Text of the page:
2006 W. Beaty

I've found a way to trigger creativity: fall half-asleep while taking a trip by air. Zone out in an airliner while intending to have some weird ideas. Bring a blank notebook along of course, so you can quickly record anything interesting that pops into your mind. I suspect that this is similar to a purported shaman technique for triggering odd dreams: fall asleep in a hammock.

ANYWAY, while flying to Florida for 2005 thanksgiving, I was sitting there with a blank pad of paper and wondering what cool stuff I could build someday, when I had a detailed vision of an attention-getting device to sell at SF conventions: glowing advertisements which float around your head with no apparent cause. Very appropriate for cons: it's a kind of propellor-beanie with lots of whirling LEDs. The perfect geek fashion accessory, one which screams "huge flaming Nerd." (Actually I think I had a similar LED-propellor-beanie idea many years ago at a con, but that was long before single-chip CPUs or ultra-bright LEDs existed ...and I didn't write it down.)

A motor spins a cylindrical rotor having vertical stripes of ~20 LEDs driven by a PIC/AVR/etc. The rotor must be fairly smooth and low-speed so it doesn't drain the batteries by acting as a fan. Rather than dangerously spinning just one LED array at 60Hz/3600RPM, multiple synchronized LED stripes allow low RPM with little flicker: 24Hz flicker isn't too bad, and with six arrays it gives four rotor revs per second. Most important: the mechanism and rotor would be almost invisible. It wouldn't be very bright, so it would only work indoors. Walk up to victims and "talk" by triggering stored sentences responding to typical questions. "IT'S A MECHANICALLY-SCANNED LED ARRAY." "YOU CAN'T BUY THESE, IT'S ONE OF A KIND." "NO, THERE ARE NO GLOWING LETTERS HERE, YOU MUST BE HALLUCINATING." "HI THERE, DO YOU COME HERE OFTEN?" Display a personal ad, or rent out the space to advertisers?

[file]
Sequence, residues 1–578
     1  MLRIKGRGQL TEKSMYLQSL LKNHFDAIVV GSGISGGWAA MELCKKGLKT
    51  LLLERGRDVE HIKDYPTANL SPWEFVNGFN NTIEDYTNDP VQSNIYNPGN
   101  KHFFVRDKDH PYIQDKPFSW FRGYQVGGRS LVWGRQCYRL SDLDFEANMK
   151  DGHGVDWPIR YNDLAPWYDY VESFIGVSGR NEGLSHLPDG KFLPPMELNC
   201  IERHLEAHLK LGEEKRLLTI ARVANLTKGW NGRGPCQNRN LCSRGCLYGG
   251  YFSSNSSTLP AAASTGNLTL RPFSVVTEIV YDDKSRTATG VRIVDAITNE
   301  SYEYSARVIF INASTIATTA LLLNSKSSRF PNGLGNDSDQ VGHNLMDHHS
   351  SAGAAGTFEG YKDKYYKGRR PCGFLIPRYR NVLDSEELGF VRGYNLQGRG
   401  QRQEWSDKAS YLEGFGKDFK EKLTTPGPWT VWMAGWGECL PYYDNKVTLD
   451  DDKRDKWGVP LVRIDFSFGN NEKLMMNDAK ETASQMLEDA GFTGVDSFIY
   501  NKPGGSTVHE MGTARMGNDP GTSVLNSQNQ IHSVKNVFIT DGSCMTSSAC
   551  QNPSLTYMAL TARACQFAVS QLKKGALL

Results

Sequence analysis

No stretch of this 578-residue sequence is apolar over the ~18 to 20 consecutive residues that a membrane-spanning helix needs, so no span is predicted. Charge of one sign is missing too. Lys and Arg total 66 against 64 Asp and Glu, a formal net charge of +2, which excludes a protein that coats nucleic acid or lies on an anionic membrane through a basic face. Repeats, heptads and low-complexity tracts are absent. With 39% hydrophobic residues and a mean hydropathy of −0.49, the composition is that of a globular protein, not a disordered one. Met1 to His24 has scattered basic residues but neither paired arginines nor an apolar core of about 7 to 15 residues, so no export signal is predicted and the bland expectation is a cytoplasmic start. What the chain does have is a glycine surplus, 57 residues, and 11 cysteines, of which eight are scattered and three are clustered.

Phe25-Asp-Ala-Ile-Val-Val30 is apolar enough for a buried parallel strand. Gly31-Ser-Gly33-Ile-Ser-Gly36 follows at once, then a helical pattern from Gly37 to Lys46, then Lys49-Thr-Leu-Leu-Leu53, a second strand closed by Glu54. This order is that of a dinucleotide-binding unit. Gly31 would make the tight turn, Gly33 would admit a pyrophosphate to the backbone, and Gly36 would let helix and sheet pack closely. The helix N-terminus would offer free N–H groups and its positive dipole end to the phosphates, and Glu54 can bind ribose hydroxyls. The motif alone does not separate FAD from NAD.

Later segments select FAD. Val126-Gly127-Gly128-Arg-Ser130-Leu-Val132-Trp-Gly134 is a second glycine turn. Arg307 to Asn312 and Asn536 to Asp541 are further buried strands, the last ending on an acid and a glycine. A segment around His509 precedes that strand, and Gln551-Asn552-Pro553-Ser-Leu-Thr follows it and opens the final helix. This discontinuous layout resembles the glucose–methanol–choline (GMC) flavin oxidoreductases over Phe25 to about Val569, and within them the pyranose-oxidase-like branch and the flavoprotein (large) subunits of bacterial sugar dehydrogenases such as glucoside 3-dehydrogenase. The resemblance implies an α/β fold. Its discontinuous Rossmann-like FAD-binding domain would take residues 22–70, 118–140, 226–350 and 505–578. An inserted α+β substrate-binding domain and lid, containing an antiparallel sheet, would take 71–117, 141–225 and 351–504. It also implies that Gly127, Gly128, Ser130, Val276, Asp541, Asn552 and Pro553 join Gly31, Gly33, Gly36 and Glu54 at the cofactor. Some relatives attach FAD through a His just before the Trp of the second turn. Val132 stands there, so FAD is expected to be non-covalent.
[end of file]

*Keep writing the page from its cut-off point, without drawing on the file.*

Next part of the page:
A DC motor is mounted on a transparent, heat-formed "plexiglas yarlmuke" adhered to my bald scalp. Even though the transparent rotor spins at only a few revs per second, it's almost invisible because it's built from multiple transparent "blades." As with bicycle wheels, slow rotation of numerous spokes causes invisibility via total blurring.

My first prototype had six blades made of adhesive tape supporting a transparent 12" dia. cylinder about 3" tall. It spun at three or four revs per second, and the six white stripes I stuck to the cylinder would totally vanish at this low speed. I demonstrated it at 2005 december Dorkbot in Seattle.

I didn't get very far beyond the crude proto of the rotor section wo/LEDs. I hope to use (six?) synched, phase-shifted POV strips to allow low, non-dangerous RPM. The rotor structure is made from bent 1/64" transparent acrylic sheet taken from a Walgreens "poster frame." A 4" plexi disk on the small DC motor's shaft has six horizontal blades supporting the cylinder. The cylinder is very visible in this case, but if large diamond-shaped "teeth" are cut in the edges of the cylinder, the edges (and therefore the entire cylinder) will become nearly invisible. With low mass at this low RPM, the edge moves at 10'/sec or 7MPH and can be safely stopped with a finger. Even at this low speed it drew a few hundred mA at a few volts (it takes lots of work to stir the air.) Letters composed of red LEDs, 6x20 = 120 LEDs at 20mA would draw two or three watts. More brightness and more wattage: each strip could be three LEDs, RGB, with tiny phase-shift to lay the color LED flashes on top of each other. Next task: adapt a Radio Shack 4-conductor slip-ring "phone cord untangler" to supply signal and power to the rotor section.

The real challenge would be to align all the LEDs so the six images appear very static, and don't jump around vertically per each revolution. Stretched tape is the wrong idea: the supporting "blades" need to be stiff in order to prevent distortion of the rotor or vertical wobble of the cylinder. Another challenge: to walk around without moving my head (since any head-tilting causes a huge gyroscopic effect!)
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